The video installation South by Southwest was developed during an extended stay in the Lake District. It was exhibited alongside the photographic installation of the un-hatched eggs of the last pair of golden eagles in England.
The work traces the movements of the eagles pair in through the notes of the bird watcher and author of Call of the Eagle, Dave Walker.Walker was employed by the RSPB from 1979 to study the pair and protect it from disturbance. Initially the male moved to the lake district to cohabit with the female bird. They tried to procreate repeatedly without success until the female passed away in 2008.The male, now left behind, continued to build nests of ever increasing size and to perform the eagle’s sky dance to attract a new mate. At the time of filming he had been tracking the birds for over 30 years.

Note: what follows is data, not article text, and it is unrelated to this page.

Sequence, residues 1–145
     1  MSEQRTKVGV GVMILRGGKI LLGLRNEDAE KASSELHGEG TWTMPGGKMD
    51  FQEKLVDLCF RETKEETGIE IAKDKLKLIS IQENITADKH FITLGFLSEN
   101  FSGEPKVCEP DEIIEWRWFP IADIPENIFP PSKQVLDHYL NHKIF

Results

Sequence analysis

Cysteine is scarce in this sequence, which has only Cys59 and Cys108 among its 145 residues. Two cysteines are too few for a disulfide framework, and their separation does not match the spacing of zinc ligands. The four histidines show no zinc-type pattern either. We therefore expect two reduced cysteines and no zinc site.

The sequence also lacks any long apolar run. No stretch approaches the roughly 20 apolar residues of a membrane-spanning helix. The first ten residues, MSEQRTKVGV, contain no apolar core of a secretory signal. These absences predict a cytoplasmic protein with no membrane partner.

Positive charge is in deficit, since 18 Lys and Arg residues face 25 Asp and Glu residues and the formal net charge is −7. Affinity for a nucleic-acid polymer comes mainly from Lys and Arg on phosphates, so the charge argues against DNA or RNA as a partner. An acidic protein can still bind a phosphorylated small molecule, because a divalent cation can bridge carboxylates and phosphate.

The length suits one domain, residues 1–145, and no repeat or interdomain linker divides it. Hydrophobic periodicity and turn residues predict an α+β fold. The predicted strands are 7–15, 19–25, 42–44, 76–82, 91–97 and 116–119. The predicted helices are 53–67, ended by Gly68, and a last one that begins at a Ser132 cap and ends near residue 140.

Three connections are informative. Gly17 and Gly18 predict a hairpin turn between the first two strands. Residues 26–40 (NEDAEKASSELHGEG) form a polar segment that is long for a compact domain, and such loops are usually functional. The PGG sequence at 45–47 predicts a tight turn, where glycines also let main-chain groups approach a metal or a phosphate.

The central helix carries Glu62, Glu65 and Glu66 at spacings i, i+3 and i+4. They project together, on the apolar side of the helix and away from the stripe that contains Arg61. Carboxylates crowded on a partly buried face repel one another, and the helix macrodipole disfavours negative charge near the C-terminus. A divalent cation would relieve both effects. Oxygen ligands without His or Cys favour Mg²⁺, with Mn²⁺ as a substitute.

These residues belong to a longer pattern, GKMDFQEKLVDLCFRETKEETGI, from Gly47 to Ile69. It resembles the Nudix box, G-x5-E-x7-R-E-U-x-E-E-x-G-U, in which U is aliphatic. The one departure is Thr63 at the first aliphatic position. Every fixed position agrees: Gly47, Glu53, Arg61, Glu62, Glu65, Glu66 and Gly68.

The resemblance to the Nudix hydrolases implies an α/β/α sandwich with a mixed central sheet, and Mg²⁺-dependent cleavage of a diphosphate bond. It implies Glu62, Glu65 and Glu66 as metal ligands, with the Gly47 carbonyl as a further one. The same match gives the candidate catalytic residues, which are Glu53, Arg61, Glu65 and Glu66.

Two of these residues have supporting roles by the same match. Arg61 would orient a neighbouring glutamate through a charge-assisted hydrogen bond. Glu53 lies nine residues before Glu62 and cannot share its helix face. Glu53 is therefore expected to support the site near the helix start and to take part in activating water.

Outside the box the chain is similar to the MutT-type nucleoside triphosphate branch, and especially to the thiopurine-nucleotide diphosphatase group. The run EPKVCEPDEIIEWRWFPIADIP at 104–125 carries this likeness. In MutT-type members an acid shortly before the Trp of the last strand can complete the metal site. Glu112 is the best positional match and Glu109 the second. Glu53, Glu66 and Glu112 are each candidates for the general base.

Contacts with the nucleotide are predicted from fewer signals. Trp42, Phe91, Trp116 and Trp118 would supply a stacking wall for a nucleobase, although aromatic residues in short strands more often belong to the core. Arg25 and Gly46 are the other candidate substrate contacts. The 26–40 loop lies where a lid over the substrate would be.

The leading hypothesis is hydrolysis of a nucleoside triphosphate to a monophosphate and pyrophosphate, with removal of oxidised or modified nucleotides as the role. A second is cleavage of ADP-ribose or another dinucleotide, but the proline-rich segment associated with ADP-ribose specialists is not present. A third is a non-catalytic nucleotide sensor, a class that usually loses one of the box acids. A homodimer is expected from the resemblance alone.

Walker’s words, readings from his meticulous tracking notes, rethink the picturesque landscape of the Lake District by superimpose eagle-defined co-ordinates over the territory. They propose a new kind of mapping of this landscape where human and non-human living spaces come together in mixed arrangement of knowledge and ecology. The work proposes a world of relations, abstractions, spaces where the eagle’s movements replace human co-ordinates.
The shots of the eagles territory are intersected with shots from Walker’s living room, a testimony to his 30 year relationship to the bird.
The video was developed in collaboration with the Cumbria Museum Consortium and funded through a New Expressions Commission: an Arts Council England National pathfinder programme that fosters collaboration between contemporary artists and museums.
Please follow the link below for an Interview about the projects produced in the context of the New Expressions Commissions: